Monday, March 31, 2014

It's All The Rage

Seems like suddenly everybody is talking about going back to ground work, ground driving and long lining. I'm back to doing a fair bit of it myself.

This may seem like an incredibly horrid thing to say...But I'm getting kind of bored with riding in the desert and I need to make some adjustments to my conditioning program...So I'm working on some other stuff.

I've started doing some rope work with Jet. The horse is highly suspicious of ropes and none too keen on them flopping around his body. After Cindy D.'s runaway, I decided I might as well start dealing with Jet's insecurities over ropes touching him in uncomfortable ways or dragging near his feet. I've worked on this stuff with this horse before but didn't make much progress with him. But that was before he grew a brain, so it's time to get back to it and get him over it. My full intention is to be able to long line him, so I can work on his strength and balance and not have to work him in circles to do it.

As a rule, the western circles think of long lining...aka...ground driving as little more than a colt-starting technique...

And I have primarily used it in that capacity in the past. Now that I have taken a longer look at it and realize how useful it can be for a variety of strengthening/conditioning and training exercises...I am really interested in doing more of it. I mean, for once in my life...My horses are in shape and I have actually cut back on riding time because I had to remind myself...I'm not conditioning endurance horses here...I'm conditioning barrel horses. Moon and Frosty need shorter, more intense workouts to build quick twitch muscles. And as luck (not very good luck I might add) would have it...Even my 3 green horses are not up to a lot of riding. Jet needs to build correct musculature before he can withstand mileage, Shooter needs mileage, but his leg still flares up if he's worked too hard and LJ, who also needs mileage. is showing some hesitation in the knee that I had the bubble drained off of. He's not lame, but I can see he is not 100% on it, so LJ is getting a reprieve from 'wet saddle blanket' time for a little bit.

I swear...I did NOT break my new horse!!...He came with that bubble on his knee and the vet warned me when we drained it that we might have a few bouts of inflammation in it here and there for awhile. I'm sure riding him in deep sand is what strained it...so I'm just taking it easy on him again, icing the knee, linimenting it and using mud poultices to get/keep inflammation out and tighten it up. I look at it this way...I got this horse for a fraction of what he was worth, dinged knee and all...I have plans for him that I hope entail many, many years worth of use, he's 4 this year and better trained than my 6y/o and my 9y/o...If I have to spend the rest of this year 'babying' that knee so he's 100% when he matures...I'm okay with that, cause when this guy gets a little older and is ready to crack out...He's gonna be pure awesomeness!!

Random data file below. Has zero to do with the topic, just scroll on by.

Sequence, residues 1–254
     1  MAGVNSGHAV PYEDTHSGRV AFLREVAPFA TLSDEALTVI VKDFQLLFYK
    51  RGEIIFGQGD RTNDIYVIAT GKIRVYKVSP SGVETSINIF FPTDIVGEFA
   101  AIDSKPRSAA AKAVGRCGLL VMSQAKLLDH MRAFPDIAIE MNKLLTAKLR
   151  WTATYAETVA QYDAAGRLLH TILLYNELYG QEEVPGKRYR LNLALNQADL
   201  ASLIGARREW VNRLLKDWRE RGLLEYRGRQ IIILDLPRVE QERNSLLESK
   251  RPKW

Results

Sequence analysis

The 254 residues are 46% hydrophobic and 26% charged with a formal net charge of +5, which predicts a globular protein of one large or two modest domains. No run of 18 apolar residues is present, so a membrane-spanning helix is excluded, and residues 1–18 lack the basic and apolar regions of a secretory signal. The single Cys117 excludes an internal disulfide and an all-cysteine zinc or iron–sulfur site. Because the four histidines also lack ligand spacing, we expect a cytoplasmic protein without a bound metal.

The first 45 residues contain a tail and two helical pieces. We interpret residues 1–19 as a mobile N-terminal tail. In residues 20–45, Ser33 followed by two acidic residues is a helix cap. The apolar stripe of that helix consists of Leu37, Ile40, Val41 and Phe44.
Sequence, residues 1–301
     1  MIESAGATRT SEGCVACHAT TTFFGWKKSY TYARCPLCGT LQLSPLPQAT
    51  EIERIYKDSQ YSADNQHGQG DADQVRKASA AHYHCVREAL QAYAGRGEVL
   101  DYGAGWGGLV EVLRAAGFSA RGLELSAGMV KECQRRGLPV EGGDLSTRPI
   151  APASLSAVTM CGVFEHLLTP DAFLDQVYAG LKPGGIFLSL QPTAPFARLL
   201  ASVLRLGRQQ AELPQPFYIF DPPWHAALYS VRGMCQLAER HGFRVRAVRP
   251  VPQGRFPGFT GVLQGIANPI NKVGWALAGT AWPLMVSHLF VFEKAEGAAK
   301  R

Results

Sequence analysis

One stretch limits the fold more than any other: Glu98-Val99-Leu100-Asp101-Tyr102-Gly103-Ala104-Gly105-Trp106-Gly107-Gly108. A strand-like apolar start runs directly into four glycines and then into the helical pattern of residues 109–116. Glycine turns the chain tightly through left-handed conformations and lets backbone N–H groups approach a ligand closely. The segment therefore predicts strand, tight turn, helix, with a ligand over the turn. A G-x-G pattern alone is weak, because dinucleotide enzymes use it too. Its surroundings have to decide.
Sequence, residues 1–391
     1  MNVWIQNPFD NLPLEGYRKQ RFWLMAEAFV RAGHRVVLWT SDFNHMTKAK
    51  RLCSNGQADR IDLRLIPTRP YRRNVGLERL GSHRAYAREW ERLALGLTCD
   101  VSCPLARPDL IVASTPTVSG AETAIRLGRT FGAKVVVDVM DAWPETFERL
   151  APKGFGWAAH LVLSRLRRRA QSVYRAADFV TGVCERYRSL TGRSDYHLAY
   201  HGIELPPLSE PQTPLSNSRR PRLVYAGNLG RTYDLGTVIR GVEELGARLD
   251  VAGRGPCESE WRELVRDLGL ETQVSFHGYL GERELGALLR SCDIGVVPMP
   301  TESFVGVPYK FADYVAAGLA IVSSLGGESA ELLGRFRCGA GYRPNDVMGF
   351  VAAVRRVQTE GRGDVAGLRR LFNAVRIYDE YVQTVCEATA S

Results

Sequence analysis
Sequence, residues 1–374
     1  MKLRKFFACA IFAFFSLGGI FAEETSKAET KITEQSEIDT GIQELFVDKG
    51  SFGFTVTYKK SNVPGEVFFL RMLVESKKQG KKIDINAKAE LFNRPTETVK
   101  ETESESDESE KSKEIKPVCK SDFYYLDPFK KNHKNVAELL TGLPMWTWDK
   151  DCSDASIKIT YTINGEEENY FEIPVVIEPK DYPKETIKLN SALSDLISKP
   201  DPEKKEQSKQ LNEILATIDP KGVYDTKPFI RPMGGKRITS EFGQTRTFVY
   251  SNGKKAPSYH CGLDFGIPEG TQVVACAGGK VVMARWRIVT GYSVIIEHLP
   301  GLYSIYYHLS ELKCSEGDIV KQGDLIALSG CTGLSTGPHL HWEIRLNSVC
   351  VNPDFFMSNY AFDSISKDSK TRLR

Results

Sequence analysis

But anyway, back to the business at hand...

Really, once a horse is in good condition, it doesn't take much riding to keep them there and over-riding your competition horse is more detrimental than most people realize. Muscles, tendons and ligaments need rest or they fatigue and fatigue injuries are very common. Moon and Frosty are in good condition. Now it's time to see if I can't fine tune them even more. They both need shorter, more intense workouts to improve their quick twitch muscles, but working on quick twitch muscles is not exactly something you do every day. On the off days, they really just need a good stretch, but plopping along in the desert is getting boring. What I want to do is continue to build better musculature and frame in those off days, so I started looking at long lining and all of the cool things you can do with a horse that primarily helps build top line, hindquarter and strengthens stifles....

All of the things a performance horse could always use help with, without having to go round and round. I swear...people really do not realize the damage that endless circling does to a horse's joints. There is obviously benefits to round pen work and longing work, I mean, you have to start somewhere, but I'd like to be able to do other things...

And really get some finesse involved...

So this is the kind of work I started the horses on this week. Jet is still in rope training, so we can get to the point where I CAN long line him. Shooter and Frosty could care less about ropes around them. Frosty was not really trying very hard and when encouraged, he struggled to break over and stretch through, so this will be excellent work for him. Shooter has never been long lined before and he kept trying to turn around and face me. LOL. I finally had to grab the buggy whip just to keep him moving..And left plenty of room between me and his hind feet. LOL. He's such a belligerent turd...God I love that horse. LJ watched with interest and even joined in at liberty for a bit when I worked horses out in the open, which was kind of fun (oh yea,...Ideas are swirling there) and the one who is hating it the most...